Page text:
No one can argue the importance of Yosemite to rock climbing. This is climbing’s greatest stage, and while some places go in and out of fashion (France and Spain come to mind) Yosemite’s colossal granite walls and central location in an area teeming with talented climbers assure it will remain at the forefront for decades to come.
Dropping a dizzying 6,000 feet from Tuolumne Meadows we darted out to the small town of Groveland, CA for a resupply before entering Yosemite’s most famous valley. Although I had been here once before with my folks when I was younger, the granite walls now told a story of climbing history around every corner.
Astroman, The Sentinel, Half Dome and of course El Cap, soared above the bus in dramatic fashion. Only days before the meadow had been filled with cheering onlookers as a new speed record had been set on “The Nose” of El Cap. A route, which once took 45 days, has been rehearsed and climbed in only 2hr 23min!!
Working in the Whitney Museum at PWSCC in Valdez one afternoon I scoured the Internet for climbing news as an older couple strolled in to have a look around. The woman seemed interested in the exhibits, diligently reading every sign and carving her way through each display. The man, a quiet and stout looking guy with stark white hair and a pleasant face, paced the exhibit and returned to the desk to strike up a conversation. We made the usual small talk but my mind wandered slowly back to climbing. In a roundabout way I was able to turn the conversation such that I could mention rock climbing, desperate to talk to anyone about my fading pastime as the rain continued to pummel the crumbling Chugach stone out my window. To my surprise the man lit up. He was a rock climber too and casually mentioned Yosemite and some first ascents in the area. “Oh yeah? Where at?” I asked. “You heard of The Nose on El Cap?” he replied.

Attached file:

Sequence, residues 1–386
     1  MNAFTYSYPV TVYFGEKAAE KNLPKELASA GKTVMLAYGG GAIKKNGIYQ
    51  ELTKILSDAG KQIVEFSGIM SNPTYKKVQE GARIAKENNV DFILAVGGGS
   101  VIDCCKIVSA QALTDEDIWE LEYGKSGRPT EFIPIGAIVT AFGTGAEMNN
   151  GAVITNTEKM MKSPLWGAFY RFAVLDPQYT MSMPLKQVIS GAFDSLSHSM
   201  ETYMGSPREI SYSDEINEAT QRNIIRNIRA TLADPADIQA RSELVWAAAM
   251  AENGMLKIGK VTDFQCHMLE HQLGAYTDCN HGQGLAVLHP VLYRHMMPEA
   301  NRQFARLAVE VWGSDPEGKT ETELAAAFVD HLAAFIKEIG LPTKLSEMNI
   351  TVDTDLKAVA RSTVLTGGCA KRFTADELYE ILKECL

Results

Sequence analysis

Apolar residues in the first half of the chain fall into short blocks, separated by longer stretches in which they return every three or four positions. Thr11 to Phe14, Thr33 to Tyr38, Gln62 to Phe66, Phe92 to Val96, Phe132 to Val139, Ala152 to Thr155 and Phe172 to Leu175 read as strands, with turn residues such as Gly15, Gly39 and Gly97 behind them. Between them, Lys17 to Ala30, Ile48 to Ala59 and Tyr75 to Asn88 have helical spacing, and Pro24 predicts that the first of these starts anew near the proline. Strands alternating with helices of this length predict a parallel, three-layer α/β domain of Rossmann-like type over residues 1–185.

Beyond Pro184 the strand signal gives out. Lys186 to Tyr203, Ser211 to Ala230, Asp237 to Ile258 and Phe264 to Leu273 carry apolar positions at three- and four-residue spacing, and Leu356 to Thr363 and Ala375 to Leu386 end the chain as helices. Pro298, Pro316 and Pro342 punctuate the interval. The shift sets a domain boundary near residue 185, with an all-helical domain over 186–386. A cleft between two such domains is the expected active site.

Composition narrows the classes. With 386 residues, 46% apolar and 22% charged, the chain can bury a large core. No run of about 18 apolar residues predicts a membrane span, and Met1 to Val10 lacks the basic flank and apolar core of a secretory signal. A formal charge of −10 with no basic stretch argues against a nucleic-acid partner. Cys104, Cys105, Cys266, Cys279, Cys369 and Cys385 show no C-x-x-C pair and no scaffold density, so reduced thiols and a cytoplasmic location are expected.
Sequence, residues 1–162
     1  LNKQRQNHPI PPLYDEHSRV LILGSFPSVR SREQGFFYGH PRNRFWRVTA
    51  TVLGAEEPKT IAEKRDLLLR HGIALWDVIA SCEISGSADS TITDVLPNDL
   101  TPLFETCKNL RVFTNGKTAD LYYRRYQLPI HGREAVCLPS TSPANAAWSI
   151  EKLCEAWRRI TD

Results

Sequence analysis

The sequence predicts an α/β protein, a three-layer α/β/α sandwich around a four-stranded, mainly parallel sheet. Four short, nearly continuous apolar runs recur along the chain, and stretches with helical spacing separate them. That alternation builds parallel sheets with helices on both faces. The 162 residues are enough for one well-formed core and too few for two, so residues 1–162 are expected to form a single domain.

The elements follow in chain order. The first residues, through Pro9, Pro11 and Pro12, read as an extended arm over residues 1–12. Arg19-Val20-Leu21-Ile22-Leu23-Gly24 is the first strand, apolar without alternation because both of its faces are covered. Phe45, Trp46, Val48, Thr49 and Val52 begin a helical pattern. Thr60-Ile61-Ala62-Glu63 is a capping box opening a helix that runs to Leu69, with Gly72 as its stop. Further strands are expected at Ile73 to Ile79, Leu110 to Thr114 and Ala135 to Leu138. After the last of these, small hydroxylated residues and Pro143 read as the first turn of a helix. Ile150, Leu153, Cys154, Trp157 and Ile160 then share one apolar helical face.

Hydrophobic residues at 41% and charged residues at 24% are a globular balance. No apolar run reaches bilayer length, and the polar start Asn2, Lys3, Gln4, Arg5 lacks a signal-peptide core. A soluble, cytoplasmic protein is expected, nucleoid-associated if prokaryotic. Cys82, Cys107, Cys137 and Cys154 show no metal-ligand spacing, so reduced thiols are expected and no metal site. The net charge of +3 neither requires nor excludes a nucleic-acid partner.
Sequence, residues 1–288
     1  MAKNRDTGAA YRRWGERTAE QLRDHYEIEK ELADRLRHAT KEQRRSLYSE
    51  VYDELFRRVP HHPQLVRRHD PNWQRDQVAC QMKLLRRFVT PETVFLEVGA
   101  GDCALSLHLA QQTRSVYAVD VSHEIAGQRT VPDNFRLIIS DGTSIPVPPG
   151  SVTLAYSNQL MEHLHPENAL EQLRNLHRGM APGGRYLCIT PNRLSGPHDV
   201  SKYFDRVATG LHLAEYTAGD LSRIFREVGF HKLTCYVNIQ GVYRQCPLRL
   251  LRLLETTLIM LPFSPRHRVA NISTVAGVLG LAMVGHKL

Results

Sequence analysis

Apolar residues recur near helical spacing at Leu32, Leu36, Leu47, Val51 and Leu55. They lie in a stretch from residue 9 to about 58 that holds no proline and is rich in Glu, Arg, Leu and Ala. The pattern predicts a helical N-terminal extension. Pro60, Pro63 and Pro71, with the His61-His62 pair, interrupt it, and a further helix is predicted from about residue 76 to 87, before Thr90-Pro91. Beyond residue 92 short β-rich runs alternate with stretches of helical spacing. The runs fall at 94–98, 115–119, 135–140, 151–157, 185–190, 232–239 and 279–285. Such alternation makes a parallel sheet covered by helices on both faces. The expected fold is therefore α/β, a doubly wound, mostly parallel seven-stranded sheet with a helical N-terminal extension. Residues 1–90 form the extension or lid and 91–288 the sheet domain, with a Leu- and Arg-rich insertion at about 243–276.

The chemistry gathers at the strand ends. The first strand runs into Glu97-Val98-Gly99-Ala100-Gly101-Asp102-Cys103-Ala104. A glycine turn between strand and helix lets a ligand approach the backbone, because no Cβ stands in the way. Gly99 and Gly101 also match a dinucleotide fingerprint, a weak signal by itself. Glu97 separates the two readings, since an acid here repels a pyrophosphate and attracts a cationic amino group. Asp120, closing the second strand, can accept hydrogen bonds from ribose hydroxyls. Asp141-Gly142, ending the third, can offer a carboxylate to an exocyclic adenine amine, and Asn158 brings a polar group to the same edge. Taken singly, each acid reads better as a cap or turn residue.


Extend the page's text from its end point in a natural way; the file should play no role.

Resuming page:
Asking a climber if they had heard of The Nose was like asking a guy shooting hoops if had heard of Michael Jordan. Turns out I was talking to Wayne Merry who accompanied George Whitmore, and shared leads with Warren Harding on the 47 day first ascent back in 1958. When he slipped away to find his wife, I quickly googled him, printed a picture and asked for his autograph.
Now in The Valley, looking up at El Cap and hearing the yells between climbers as they followed in Wayne’s path I wondered what it would be like setting up a port-a-ledge for the night. Hanging in a hammock, wearing your harness to bed and then swinging your feet over the edge to watch the sunrise the following morning. Most groups these days take about a week to complete the route and for most it will be their crowning achievement.
The weather in the valley was much hotter than up in Tuolumne. The crowds were thicker, and in the heat of the day the walls seemed to focus the sunbeams down on the small roads below. We found ourselves yearning for the open meadows, cooler temperatures, and expansive views we enjoyed the week prior, and decided to bid The Valley farewell knowing we would return someday. Yosemite offers more than classic rock climbs. Yosemite offers a feeling of history, a sense of pride in the accomplishments of fellow climbers, and undeniable tangible challenges on either side of the road. At this point in our climbing careers we don’t feel the urge to drop everything and train for a push on El Cap, but I’d be lying if I said it didn’t cross my mind.